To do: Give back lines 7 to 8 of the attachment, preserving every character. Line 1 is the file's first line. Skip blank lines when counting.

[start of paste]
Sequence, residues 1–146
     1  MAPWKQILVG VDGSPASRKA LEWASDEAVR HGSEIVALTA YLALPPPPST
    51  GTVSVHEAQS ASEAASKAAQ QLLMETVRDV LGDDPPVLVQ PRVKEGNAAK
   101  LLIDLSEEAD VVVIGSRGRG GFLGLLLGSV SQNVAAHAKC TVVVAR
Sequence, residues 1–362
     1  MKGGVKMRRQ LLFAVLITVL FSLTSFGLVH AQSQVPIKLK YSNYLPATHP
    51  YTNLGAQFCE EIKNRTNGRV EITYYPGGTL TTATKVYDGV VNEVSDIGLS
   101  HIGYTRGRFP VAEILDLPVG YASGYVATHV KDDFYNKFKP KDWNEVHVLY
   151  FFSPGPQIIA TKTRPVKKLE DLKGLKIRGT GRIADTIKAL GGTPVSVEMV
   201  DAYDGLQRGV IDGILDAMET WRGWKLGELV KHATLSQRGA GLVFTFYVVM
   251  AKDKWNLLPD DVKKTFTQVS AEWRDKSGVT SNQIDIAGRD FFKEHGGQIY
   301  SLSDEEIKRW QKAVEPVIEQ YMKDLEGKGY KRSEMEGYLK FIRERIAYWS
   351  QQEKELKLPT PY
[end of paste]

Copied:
    51  YTNLGAQFCE EIKNRTNGRV EITYYPGGTL TTATKVYDGV VNEVSDIGLS
   101  HIGYTRGRFP VAEILDLPVG YASGYVATHV KDDFYNKFKP KDWNEVHVLY